Juvenile justice program students reflect on the ‘perfect world’ in essay contest

Juvenile Justice Commission essay contest event
Orange County Juvenile Justice Commissioner Mary Lou Vachet introduced each student writer at the annual essay contest.

Everyone has a story to tell, but it can take time and trust for them to open up and let people in. 

A few weeks ago, English language arts teachers from the Otto A. Fisher School, one of four detention and treatment facilities run by the Orange County Department of Education’s Alternative Education program, encouraged students residing in the Orange County Juvenile Hall to write essays based on the theme “In a perfect world.”

The combination and order of those four words inspired students in the middle and high schools and postsecondary levels to pen their thoughts on the topic. Nearly 50 students submitted their essays into the fifth annual Voices from Within Essay Contest, which is organized by Juvenile Justice Commission (JJC) of Orange County

Juvenile Justice Commissioners
Assisting Presiding Judge Anthony C. Ufland of the Juvenile Court (center) posed for a photo with the Orange County Juvenile Justice Commissioners.

In partnership with OCDE and the Orange County Probation Department, 18 students were recognized for personal, reflective essays. Several of them read their pieces aloud during a special ceremony that was livestreamed on a private link for families on Oct. 21.

With more than 100 sets of eyes on them, the students read their essays with passion, displaying their emotions and most inner thoughts. Many paused at pivotal moments to keep listeners on the edge of their seats to find out what came next.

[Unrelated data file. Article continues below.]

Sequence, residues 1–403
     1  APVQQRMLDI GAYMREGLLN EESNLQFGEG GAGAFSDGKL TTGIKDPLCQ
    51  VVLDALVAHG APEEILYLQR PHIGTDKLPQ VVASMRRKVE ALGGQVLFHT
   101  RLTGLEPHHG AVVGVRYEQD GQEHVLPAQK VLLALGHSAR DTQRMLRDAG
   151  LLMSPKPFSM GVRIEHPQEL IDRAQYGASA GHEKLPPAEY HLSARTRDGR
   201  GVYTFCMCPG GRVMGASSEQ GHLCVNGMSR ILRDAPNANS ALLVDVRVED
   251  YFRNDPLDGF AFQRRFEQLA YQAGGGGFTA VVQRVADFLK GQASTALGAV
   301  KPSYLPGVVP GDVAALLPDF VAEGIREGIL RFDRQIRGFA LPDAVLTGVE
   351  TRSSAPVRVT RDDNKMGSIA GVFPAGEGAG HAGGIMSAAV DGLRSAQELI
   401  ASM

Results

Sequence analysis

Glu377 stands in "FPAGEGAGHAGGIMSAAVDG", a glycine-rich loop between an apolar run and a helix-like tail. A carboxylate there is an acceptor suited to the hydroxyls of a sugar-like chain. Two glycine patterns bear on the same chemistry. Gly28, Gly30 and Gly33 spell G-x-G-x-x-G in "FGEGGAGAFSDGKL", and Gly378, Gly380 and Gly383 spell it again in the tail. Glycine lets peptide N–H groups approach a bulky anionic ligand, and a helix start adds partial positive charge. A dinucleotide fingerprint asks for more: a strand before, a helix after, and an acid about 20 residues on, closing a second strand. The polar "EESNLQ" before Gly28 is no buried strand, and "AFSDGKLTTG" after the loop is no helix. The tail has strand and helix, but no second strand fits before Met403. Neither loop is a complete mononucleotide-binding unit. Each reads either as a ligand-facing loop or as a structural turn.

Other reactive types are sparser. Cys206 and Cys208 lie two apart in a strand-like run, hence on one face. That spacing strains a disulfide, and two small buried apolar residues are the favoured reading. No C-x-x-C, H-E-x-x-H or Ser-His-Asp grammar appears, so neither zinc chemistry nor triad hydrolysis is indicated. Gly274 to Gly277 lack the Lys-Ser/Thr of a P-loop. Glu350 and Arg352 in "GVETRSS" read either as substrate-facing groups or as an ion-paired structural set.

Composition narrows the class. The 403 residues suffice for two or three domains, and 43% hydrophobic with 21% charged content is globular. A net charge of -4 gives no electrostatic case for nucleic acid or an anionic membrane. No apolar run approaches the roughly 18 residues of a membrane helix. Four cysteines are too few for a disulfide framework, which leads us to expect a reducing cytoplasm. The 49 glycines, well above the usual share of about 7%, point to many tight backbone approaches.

Some students spoke about what living in an idyllic world would feel like and gave glimpses into how their upbringing was far from picturesque.  

“In a perfect world, I wouldn’t have grown up in the neighborhood that I came from. At the age of 9 where I grew up, I saw people lose their lives in front of my eyes.”


Other students took the opportunity to speak about how broken they feel and how desperately they want people to help them find a way to fit in with others, in a world that seems to be too perfect to be a part of. 

“If I had a wish, I’d wish to live in a perfect world. I would live in a world where I can be normal and where I could be a happy girl and just twirl. I wouldn’t be scared and I wouldn’t be worried. I would be at home and get to my priorities.”


The local commission that advocates on behalf of incarcerated youth selected six awardees — three high school students and three postsecondary students. Erik, 19, was chosen as the first-place winner among the postsecondary group. He titled his essay “Perfectly Scarred.” 

“We never had a father, all we needed was our mother. Our life was never perfect but we remained together. We starved together, been homeless together.”

I was blessed with imperfection although I never wished for this. So if the world was fully perfect I would never have existed.” 


After reading his piece, Erik walked back to his seat in the front of the room and lowered his head between his knees as if he just let out a sigh of relief.

“Their voices are important,” said Otto A. Fischer teacher Richard Berman. “Everyone in attendance today who heard the students’ voices should carry them out into the world.” 

The OCDE Newsroom spoke to Erik after he shared his essay. 

“I feel very privileged to be able to be a voice for many people who don’t feel like they have one,” said Erik. 

Before he and his peers were escorted back into the hall, dozens of people approached and thanked them for sharing their stories and letting them in.